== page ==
Somerlea Park, on Bank Street, has been given a ‘Good’ rating by the education watchdog after its first inspection since becoming an academy in 2017.
The 161-pupil school is part of the Sheffield-based Learners’ Trust, which runs several academies. Its executive head teacher is Helina Kirkup, while its head of school is Daisy Rizo.
Mrs Kirkup said: “We are delighted with the outcome of our Ofsted Inspection and feel it reflects the continuous hard work and improvements we have made.
"My team works incredibly hard every day. The children and parents should feel very proud of themselves and be secure in the knowledge that our hard work doesn't stop here.”
Inspectors branded Somerlea Park ‘Good’, the second best rating, in all five categories, which covered quality of education, management, and pupils’ behaviour and personal development. And they showered praise on leaders, staff and pupils alike.
Their report said: “Leaders make sure that pupils are the most important people at this school.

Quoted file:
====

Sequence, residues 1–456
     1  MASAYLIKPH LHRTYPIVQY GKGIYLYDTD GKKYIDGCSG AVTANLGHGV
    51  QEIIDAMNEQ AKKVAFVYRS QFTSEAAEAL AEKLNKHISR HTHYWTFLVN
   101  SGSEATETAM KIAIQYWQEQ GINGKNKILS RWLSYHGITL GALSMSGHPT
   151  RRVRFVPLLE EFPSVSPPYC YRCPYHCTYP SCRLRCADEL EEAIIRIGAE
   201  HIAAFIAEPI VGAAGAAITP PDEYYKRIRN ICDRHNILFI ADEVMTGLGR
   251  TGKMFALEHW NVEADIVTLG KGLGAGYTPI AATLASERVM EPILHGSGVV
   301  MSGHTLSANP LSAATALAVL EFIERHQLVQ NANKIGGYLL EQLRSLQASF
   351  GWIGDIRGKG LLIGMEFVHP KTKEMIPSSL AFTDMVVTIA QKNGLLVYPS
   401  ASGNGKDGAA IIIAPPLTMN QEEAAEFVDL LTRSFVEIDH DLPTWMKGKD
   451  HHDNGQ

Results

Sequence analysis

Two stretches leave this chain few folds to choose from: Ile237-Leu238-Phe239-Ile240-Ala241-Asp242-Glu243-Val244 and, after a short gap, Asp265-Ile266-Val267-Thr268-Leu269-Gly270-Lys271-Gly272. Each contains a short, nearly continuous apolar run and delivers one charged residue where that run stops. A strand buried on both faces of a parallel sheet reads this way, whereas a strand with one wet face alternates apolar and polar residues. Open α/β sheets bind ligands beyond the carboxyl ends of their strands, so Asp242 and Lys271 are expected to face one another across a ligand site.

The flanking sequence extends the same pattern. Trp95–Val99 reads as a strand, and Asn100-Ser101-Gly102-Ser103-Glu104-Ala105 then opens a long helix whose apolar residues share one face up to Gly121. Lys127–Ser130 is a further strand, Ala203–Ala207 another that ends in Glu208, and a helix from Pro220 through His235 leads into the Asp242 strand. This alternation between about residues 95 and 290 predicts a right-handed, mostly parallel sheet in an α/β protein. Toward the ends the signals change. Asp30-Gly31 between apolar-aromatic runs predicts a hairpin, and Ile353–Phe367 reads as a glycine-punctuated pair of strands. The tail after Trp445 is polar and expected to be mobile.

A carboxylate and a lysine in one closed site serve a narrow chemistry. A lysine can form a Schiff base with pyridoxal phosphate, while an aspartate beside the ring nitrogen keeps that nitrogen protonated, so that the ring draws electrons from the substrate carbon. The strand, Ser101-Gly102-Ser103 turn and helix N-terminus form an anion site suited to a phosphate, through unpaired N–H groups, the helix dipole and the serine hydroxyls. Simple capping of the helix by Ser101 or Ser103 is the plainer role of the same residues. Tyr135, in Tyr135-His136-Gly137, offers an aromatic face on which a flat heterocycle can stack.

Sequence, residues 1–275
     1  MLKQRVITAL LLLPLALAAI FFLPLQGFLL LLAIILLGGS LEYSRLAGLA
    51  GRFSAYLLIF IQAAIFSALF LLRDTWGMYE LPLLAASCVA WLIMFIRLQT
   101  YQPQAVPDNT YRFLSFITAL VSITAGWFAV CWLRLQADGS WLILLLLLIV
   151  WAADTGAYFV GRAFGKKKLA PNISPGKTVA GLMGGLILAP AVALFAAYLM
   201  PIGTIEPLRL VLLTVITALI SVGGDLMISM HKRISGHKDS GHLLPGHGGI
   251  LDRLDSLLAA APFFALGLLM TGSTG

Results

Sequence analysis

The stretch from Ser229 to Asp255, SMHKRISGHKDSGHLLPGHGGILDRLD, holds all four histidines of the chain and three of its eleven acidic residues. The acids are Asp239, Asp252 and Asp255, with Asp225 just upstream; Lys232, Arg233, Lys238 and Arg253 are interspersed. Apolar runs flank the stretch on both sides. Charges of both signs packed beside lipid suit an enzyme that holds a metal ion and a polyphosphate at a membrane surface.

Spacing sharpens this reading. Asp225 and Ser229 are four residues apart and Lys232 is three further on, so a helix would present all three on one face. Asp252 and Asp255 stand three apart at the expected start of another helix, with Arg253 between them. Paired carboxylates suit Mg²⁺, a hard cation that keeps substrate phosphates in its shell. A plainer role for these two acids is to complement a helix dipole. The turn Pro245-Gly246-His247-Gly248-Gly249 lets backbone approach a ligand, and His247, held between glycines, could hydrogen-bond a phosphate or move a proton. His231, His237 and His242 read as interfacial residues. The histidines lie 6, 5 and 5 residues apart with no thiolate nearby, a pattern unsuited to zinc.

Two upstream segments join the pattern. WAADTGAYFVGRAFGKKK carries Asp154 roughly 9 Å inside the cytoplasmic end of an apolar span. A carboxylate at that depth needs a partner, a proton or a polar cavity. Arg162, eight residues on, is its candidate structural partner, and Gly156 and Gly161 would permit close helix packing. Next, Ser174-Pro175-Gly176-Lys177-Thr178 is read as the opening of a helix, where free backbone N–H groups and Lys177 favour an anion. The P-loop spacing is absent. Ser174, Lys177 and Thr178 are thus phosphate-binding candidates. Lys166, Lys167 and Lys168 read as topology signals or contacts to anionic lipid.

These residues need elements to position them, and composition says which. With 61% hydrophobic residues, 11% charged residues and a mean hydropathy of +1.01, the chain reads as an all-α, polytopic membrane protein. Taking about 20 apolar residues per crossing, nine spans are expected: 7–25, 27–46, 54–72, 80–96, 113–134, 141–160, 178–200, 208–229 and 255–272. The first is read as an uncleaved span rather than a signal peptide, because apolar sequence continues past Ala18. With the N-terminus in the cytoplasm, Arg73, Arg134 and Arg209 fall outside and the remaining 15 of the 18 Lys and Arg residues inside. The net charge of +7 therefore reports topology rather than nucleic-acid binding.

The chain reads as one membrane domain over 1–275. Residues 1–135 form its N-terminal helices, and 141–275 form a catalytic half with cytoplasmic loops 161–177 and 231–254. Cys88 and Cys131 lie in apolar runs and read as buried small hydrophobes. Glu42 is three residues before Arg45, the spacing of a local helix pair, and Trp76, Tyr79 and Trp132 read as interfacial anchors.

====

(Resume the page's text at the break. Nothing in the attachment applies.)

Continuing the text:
"Pupils are well cared for. Staff know pupils well and know how to get the best out of them.
"Pupils enjoy school. They are well behaved and work hard.”
The report revealed how children are rewarded for their positive behaviour by earning points, which they spend at the ‘Brainsbury’s’ school shop.
Safeguarding was “effective” at the school, and bullying was “extremely rare”.
"Pupils experience a wide range of visits, sporting and musical activities,” the Ofsted report went on. “They know it is important to treat everyone equally, regardless of background, culture or belief. They do not tolerate any kind of racism.”
The inspectors also noted that children with special needs or disabilities “get on well in their learning”.
The report added: “Leaders are determined that pupils achieve and are prepared for the next stage of their education. They have created a united and supportive staff team that shares their ambitions, and they consult pupils, parents and staff regularly”.
The inspectors stressed that Somerlea Park’s curriculum was well planned, with reading prioritised and taught daily, through enjoyable ‘book club’ lessons.
However, they felt that improvements could be made in a small number of subjects, while some staff needed to be trained to teach phonics.